Ex-UNC professor appears at court in football scandal
by WNCN Staff
HILLSBOROUGH, N.C. -
The former chairman of the African and Afro-American Studies Department at the University of North Carolina appeared at an Orange County courthouse Tuesday morning after being indicted Monday by a grand jury.
Julius Nyang'oro, who was forced into an early retirement in the summer of 2012, will be released on $30,000 bond.
His attorney, Bill Thomas, said Nyang'oro will contest the charges and plead not guilty.
"There's been one side of this story that's been put
forth in the press and he's going to have an opportunity to present his side," Thomas said.
Nyang'oro's uncle, Sichle Sikazwb, defended him Tuesday, saying Nyang'oro did nothing wrong. Sikazwb also questioned why authorities aren't going after others at the university.
Nyang'oro, surrounded by a number of family members, refused to comment to the media.
The State Bureau of Investigation looked into this case for a year and a half, and an SBI agent reviewed about 100,000 emails as part of the investigation.
The case is separate from the investigation conducted by the Secretary of State's office into athletic agents that led to five people being indicted and charged with giving gifts to athletes to get them to sign with a particular agency.
Charged in that case are:
Former UNC tutor Jennifer Wiley Thompson
Georgia sports agent Terry Watson
Former N.C. Central quarterback Michael Wayne Johnson Jr.
Georgia real estate agent Patrick Jones
Willie Barley, accused of giving former UNC player Robert Quinn a hotel room and cash
The long-running scandal led to the firing of football coach Butch Davis, the eventual resignation of chancellor Holden Thorp, and revealed problems in the African and Afro-American Studies Department, as athletes took classes with little oversight.
"We have been anticipating the SBI report," said UNC faculty chair Jan Boxill. "But during these difficult times, we have implemented policies, procedures, and safeguards that have allowed us to move forward in our unwavering commitment to excellence through our teaching, research, and public service."
In a statement Monday, UNC president Tom Ross noted that he and Chancellor Holden Thorp asked the State Bureau of Investigation to be notified of possible criminal activity stemming from the academic fraud issues at Carolina.
"We fully support the district attorney's decision to seek an indictment in this case," Ross said.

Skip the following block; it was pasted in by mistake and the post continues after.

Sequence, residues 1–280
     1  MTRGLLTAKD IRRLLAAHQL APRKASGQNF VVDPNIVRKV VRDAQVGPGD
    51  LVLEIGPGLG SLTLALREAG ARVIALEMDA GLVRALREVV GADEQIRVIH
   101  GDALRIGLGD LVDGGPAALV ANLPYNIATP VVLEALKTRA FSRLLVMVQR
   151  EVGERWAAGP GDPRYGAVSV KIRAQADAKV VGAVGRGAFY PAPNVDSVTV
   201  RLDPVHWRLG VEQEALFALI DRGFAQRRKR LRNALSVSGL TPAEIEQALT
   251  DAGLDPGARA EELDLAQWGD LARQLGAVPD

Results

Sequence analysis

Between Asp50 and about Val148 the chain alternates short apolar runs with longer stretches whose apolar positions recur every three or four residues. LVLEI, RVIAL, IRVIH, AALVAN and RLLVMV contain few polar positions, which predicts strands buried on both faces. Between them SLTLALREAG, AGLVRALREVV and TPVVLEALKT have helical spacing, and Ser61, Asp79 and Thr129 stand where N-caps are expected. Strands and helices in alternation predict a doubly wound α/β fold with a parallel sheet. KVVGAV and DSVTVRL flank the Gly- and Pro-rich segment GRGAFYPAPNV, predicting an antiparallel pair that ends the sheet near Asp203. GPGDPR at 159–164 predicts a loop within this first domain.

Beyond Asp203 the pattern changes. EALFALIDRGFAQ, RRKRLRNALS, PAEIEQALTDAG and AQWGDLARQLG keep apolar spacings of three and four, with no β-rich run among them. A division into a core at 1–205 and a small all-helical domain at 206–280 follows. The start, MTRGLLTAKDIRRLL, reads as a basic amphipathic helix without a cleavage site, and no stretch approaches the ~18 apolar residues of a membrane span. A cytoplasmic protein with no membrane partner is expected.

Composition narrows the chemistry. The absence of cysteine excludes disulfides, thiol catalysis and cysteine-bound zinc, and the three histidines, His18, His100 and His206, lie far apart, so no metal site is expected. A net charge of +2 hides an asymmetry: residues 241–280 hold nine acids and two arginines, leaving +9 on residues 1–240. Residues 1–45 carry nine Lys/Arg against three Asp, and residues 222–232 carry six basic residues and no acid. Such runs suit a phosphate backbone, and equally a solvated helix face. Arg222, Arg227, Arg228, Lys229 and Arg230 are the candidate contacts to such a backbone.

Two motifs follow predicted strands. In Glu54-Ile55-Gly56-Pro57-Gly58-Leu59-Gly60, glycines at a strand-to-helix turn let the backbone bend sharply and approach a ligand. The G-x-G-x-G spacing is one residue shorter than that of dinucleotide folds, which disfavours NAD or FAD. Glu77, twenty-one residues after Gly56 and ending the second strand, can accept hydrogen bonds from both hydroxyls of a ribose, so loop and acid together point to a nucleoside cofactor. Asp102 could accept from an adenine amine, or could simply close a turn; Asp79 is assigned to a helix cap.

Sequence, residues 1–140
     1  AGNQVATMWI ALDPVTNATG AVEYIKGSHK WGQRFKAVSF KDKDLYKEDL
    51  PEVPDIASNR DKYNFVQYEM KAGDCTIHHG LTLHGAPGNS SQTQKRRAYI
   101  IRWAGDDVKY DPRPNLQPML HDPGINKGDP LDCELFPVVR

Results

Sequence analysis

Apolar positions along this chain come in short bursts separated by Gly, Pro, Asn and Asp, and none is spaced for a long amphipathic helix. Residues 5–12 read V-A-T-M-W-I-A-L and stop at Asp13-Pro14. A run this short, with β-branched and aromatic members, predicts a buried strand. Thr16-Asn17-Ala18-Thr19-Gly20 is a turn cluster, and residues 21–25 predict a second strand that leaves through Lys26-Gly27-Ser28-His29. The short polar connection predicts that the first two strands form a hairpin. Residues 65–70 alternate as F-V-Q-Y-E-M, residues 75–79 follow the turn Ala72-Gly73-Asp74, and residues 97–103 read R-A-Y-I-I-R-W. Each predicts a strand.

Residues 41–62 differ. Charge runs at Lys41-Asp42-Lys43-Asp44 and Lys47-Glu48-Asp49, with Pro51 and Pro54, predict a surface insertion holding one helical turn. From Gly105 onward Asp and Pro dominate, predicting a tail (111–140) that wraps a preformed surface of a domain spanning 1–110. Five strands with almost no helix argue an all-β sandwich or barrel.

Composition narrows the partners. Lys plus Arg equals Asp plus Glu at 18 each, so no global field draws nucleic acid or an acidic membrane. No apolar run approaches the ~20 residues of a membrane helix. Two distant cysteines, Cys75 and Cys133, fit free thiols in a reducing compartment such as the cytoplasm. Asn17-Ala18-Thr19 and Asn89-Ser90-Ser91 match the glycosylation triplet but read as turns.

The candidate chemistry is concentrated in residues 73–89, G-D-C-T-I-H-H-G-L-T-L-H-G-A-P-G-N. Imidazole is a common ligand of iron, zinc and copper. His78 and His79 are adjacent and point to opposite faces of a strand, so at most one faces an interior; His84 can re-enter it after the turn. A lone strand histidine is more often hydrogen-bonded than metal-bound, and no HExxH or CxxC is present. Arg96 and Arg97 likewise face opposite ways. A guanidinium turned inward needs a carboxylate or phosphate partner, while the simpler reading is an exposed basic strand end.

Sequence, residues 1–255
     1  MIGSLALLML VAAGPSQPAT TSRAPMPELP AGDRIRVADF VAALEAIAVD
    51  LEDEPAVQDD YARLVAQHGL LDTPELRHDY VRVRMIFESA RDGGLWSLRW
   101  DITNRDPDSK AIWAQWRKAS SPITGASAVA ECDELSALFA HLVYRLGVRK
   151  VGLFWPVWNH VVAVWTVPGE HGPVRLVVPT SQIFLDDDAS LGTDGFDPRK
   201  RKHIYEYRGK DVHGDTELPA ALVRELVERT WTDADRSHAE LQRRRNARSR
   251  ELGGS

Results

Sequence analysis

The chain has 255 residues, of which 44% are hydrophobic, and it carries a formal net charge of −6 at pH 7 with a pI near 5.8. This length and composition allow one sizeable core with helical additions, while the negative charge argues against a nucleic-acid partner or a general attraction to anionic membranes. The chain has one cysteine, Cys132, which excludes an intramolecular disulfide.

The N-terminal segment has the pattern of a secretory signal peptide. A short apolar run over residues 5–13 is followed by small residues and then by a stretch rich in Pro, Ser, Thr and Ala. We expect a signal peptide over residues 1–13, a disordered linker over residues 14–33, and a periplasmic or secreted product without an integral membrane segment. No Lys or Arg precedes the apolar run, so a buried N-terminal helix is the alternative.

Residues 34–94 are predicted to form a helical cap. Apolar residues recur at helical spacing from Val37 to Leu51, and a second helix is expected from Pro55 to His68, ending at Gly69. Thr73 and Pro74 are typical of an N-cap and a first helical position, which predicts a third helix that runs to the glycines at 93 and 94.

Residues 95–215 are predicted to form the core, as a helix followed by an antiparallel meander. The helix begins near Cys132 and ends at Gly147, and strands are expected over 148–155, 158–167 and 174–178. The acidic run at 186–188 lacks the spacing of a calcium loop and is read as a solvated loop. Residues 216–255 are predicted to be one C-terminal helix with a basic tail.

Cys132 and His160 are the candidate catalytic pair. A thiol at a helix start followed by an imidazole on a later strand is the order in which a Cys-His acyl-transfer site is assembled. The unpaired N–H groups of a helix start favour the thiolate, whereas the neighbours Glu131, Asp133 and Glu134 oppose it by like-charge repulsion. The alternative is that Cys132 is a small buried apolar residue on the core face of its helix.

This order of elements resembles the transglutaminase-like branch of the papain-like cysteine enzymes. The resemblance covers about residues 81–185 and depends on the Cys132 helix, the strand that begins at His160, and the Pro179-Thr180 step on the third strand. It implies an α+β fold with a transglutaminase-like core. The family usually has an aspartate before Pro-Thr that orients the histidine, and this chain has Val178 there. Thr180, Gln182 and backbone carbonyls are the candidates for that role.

The issues came to light in 2011 after a summer course included almost entirely football players. The irregularities dated back to 2007.
Ross, in a previous interview, said the problems centered around two people once employed by UNC.
One was the department administrator, Deborah Crowder, who retired a couple of years before the problems were discovered. The other person at the heart of the matter was Nyang'oro.
District Attorney Jim Woodall said one more person could face multiple indictments, but would not confirm if that person is Crowder.
He said Nyang'oro will likely face just the one indictment.
"We looked at several charges. But it's like I said very early on in this case, I didn't think there would be a lot of criminal activity that would be uncovered, and quite frankly we didn't," Woodall said.
"We did find probable cause to find that there were some crimes committed and we're going to charge for those crimes."
Ross said firing Nyang'oro would have no impact on his state pension and could have led to a costly appeal.
Nyang'oro was hired in July 1990. His salary at the time of his resignation was $159,249.
UNC has put in place new rules about how many independent study courses a professor can supervise have been put in place. There are now limits on what students qualify to take them. A contract with specific expectations for students must be created. A new electronic database for grades will now be in place.
"During these difficult times, we have implemented policies, procedures, and safeguards that have allowed us to move forward in our unwavering commitment to excellence through our teaching, research, and public service," said Jan Broxhill, UNC Chair of Faculty.